|Death:||Died in Neuve-Chapelle, Pas-de-Calais, Nord-Pas-de-Calais, France|
|Managed by:||June Barnes|
About Wyndham Halswelle
Wyndham Halswelle (30 May 1882 – 31 March 1915) was a British athlete. He won the controversial 400 m race at the 1908 Summer Olympics, becoming the only athlete to win an Olympic title by a walkover.
Wyndham Halswelle had a notable athletic career at Charterhouse School and the Royal Military Academy Sandhurst, before being commissioned into the Highland Light Infantry in 1901. While his regiment was in South Africa in 1902 for the Second Boer War, Halswelle's ability was recognised by Jimmy Curran, a coach and former professional athlete. It was he who persuaded Halswelle to take up athletics seriously when his regiment returned to Edinburgh in 1904.
In 1904 he was army champion for 880 yards, and in 1905 he won the Scottish and AAA 440 yard (402 m) titles.
In the Athens Intercalated Olympics, he achieved a silver medal in the 400 metres and a bronze in the 800 metres. On his return, in a single afternoon in 1906 at the Scottish championships in Powderhall, he won the 100, 220, 440 and 880 yards races (91, 201, 402, 805 m), a feat that has not been matched since.
His season was cut short by a leg injury in 1907, but he came back the following year to set a world record of 31.2 s for 300 yards (274 m) and a British record over 440 yards of 48.4 s that lasted over a quarter of a century until it was eventually broken by Godfrey Rampling.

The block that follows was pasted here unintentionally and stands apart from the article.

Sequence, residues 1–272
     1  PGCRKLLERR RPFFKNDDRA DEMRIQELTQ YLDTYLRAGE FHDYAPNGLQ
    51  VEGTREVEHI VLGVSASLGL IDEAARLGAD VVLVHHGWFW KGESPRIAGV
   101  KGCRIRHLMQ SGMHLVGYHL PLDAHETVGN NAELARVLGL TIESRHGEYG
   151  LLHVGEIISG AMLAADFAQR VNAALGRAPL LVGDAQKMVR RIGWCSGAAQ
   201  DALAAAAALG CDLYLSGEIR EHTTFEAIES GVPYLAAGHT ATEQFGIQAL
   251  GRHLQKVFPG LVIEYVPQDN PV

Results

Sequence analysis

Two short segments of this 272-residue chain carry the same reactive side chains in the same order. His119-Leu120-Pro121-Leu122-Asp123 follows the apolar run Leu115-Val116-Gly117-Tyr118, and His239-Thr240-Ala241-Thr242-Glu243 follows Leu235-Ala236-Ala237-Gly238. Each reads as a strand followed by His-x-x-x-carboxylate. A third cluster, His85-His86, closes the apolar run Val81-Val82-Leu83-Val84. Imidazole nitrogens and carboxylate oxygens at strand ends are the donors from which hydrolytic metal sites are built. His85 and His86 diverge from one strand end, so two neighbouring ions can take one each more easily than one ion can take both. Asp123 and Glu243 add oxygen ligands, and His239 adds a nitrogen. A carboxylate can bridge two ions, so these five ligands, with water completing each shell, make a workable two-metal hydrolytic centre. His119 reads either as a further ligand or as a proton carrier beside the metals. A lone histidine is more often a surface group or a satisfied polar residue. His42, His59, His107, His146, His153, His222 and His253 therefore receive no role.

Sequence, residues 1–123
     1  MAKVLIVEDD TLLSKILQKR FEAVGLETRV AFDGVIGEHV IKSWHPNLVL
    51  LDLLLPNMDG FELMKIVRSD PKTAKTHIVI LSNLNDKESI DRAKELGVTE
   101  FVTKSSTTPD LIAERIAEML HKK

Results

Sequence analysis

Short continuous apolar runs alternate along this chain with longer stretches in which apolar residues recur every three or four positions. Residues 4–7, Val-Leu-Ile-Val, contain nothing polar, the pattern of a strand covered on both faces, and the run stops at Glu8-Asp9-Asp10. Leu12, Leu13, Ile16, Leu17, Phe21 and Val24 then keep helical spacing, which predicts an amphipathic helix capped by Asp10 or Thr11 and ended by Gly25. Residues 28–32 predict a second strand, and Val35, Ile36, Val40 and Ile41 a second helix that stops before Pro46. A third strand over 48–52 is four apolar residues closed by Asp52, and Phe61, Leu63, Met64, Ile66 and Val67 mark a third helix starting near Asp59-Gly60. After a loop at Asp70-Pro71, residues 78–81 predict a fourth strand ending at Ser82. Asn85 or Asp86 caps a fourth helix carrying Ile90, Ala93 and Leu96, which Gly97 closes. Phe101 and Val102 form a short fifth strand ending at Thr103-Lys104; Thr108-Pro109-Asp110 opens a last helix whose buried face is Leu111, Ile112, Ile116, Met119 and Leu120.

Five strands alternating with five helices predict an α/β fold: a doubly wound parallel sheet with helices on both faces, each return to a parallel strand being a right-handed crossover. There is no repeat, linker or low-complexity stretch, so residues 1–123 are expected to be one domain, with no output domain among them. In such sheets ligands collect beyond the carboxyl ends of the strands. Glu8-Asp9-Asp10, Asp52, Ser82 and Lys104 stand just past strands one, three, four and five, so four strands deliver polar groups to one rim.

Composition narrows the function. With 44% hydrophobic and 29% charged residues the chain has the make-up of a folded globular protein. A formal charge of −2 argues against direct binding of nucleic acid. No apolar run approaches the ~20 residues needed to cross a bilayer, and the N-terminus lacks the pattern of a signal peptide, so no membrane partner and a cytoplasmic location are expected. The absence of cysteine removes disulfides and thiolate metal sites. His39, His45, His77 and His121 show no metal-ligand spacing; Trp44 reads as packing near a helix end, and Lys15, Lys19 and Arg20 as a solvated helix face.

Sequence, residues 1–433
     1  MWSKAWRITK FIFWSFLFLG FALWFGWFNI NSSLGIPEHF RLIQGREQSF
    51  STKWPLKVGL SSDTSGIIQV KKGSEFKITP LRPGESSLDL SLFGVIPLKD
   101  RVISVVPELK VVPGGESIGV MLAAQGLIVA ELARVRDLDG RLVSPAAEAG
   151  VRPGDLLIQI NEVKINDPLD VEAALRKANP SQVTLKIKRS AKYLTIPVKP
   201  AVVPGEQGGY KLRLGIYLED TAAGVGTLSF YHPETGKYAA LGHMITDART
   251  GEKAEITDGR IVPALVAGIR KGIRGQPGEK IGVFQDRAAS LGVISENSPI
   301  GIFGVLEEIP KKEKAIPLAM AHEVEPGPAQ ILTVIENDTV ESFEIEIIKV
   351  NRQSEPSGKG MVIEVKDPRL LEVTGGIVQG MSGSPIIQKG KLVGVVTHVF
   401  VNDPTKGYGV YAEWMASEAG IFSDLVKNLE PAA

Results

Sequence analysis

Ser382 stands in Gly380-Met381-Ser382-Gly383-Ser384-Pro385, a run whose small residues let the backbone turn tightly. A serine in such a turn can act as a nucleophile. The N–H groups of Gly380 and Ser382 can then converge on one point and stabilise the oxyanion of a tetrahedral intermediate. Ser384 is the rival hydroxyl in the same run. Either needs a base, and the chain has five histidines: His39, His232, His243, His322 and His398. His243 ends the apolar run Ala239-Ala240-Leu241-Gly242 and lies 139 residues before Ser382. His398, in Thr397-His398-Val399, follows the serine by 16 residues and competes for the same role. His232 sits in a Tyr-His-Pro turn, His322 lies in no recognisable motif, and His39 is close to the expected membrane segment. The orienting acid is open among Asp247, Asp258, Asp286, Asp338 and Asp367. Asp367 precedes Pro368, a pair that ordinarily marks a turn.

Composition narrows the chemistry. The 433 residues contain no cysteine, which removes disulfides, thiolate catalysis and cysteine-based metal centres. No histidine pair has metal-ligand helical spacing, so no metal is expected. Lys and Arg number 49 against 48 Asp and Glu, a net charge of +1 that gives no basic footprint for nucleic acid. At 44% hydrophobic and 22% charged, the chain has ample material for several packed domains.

In 1908 he set a Scottish 300 yards record that lasted until 1961 when it was beaten by Menzies Campbell, then a Glasgow University student.
In 1908 Summer Olympics, Halswelle reached the final of the 400 m with the fastest qualifying time (an Olympic record 48.4 s). Halswelle was baulked by William Robbins in the first 50 m. Then, coming off the final bend, Robbins led John Carpenter by a yard, with Halswelle waiting to pass him in the last straight, as he had done to other athletes in the earlier rounds. Carpenter ran wide, forcing Halswelle to within eighteen inches of the outside of the track, using his right elbow to prevent Halswelle overtaking. On seeing the interference, umpire Roscoe Badger shouted "Foul!", the tape was broken, and the race declared void. Pictures of the race indicate that Carpenter (intentionally or not) blocked Halswelle. While blocking was allowed under U.S. rules at the time, the Olympic race was conducted under stricter, British rules that did not allow this.
The race was ordered to be rerun in lanes two days later without Carpenter; however, the other two U.S. runners refused to race, so, though reluctant, Halswelle ran the race by himself to win the gold in a time of 50.2 s. It is the only occasion in Olympic history where the final was a walkover. As a result of the controversy, from the next Olympics in 1912 onwards all 400 metre races were run in lanes, and the International Amateur Athletic Federation was founded to establish uniform worldwide rules for athletics.
He retired from athletics after a farewell appearance at the 1908 Glasgow Rangers Sports.
Captain Halswelle was killed by a sniper at the Battle of Neuve Chapelle in France during World War I.